Libraries offer great resources to their veteran patrons, so when we saw the work this nonprofit is doing in regards to serving veterans, we thought we should share!
Vets Who Code was created by veteran and programmer Jerome Hardaway. The organization’s goal is to help veterans become programmers and also to challenge some stigmas out there about veterans and the workforce.
“Launched in 2014, Vets Who Code is a non-profit dedicated to filling the nations technical skills gap with America’s best. We achieve this by using technology to connect and train veterans remotely in web development in order to close the digital talent gap and ease career transition for military veterans and to give military spouses skills to provide stability as they move to support their families. We believe that those who serve in uniform can be the digital economy’s most productive and innovative assets. Vets Who Code prepares them to enter the civilian work force with tangible skills for new careers.”
Check out this podcast interview with Hardaway, where they discuss some of the challenges he has faced, such as “reentering civilian life at the height of the Great Recession, how Vets Who Code was born, the specific assets vets bring to programming and the tech world, and how they overcome the challenges and stereotypes they face.”
You are invited to attend a very special event sponsored by Learning Resources Services at St. Cloud State University. On Tuesday, April 8, 2014, Richard Rubin, author of “The Last of the Doughboys: The Forgotten Generation and Their Forgotten World War” will present the story of his research, interviews, and videotapes of nearly three dozen World War I veterans. This presentation is from 7:00-9:00 p.m. in the James W. Miller Learning Resources Services building (The Library) at SCSU. Please read on for more details.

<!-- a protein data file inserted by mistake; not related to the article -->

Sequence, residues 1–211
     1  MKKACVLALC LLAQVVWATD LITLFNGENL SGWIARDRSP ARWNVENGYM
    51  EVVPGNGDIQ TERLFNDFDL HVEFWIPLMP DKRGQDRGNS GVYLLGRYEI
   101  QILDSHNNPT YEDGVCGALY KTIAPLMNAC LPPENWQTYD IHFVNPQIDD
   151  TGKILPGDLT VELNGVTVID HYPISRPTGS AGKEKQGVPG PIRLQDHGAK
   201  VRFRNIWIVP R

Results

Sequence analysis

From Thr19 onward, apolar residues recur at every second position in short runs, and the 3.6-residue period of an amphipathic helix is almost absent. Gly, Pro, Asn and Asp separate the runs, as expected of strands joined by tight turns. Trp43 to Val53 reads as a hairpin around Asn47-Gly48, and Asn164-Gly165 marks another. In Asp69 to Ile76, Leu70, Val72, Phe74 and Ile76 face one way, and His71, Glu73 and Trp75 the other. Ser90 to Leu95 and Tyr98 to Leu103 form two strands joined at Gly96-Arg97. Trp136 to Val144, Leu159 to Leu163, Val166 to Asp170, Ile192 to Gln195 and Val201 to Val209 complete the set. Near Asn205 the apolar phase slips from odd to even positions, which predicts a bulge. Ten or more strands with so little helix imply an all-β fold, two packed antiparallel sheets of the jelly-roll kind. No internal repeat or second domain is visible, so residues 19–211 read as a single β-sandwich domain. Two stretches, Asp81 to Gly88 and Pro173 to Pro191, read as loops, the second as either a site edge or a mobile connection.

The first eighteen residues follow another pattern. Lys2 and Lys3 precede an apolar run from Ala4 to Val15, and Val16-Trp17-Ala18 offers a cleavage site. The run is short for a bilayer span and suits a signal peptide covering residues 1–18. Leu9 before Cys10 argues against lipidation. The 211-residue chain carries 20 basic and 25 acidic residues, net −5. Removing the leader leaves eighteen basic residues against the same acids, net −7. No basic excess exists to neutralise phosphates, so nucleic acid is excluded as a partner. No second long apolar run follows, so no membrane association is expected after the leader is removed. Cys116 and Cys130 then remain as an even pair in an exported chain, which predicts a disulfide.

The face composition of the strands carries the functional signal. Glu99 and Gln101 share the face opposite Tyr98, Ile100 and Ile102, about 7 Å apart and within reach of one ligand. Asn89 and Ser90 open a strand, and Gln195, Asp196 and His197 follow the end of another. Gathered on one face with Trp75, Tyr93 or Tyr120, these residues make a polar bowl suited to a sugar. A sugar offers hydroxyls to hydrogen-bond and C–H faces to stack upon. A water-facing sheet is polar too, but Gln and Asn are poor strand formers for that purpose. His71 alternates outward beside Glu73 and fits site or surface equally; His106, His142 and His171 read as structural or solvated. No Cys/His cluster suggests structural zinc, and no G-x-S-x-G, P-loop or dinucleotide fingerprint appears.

It took Richard Rubin months to find just one living American veteran of World War I. He eventually found one. And then another. And another. Three dozen veterans were all that remained, and Rubin interviewed them. His research was done in the United States and France; he searched through archives, private collections, battlefields, literature, propaganda, and even music. These were the final survivors of the millions who made up the American Expeditionary Forces, nineteenth-century men and women living in the twenty-first century. Many kept their stories to themselves for nearly a lifetime, then finally shared them so that these events, these soldiers, and this war would be remembered. Rubin began his research in 2003 and devoted great effort in reaching out to these remaining veterans, in many cases interviewing them two and three times. Their ages ranged from 101 to 113. His book is more than just a war story; it is a story of meditation on character, grace, aging, and memory.
The Day of Events:
The day begins with Rubin meeting with a group of undergraduate and graduate students enrolled in HIST 445/545: United States Military History (12:30-1:45) as they study World War I;
From 2:00-3:15, Rubin meets with undergraduate and graduate students from a number of disciplines, the common thread being that they will be conducting interviews and/or working with the elderly.
After dinner, he will return to the Miller Center Auditorium for his presentation and other activities of the evening, including the Honor Guard from the SCSU ROTC program, songs from the World War I era, and readings by Theatre students of materials from that era found in the SCSU Archives.
At the end of the evening, Rubin will sign books (a limited number will be available for sale immediately prior to the presentation) and meet the audience at the Reception, co-hosted by students from our Veterans Resource Center.
The intent of this invitation was to select some friends of the university (alumni, current and former faculty and staff, and community members) who have an interest in one of the many aspects of history and St. Cloud State University. This event is open to the public; parking is available at the SCSU Parking Ramp, in the Miller Center pay lot, in the C Lot (no fee), or on the street nearby; and the event is free of charge. Pre-registration for this evening event is required by April 3.
To guide us in planning for seating and refreshments, would you please rsvp your intent to attend to either (320) 308-3177 or e-mail firstname.lastname@example.org. We are looking forward to having you join us for this event.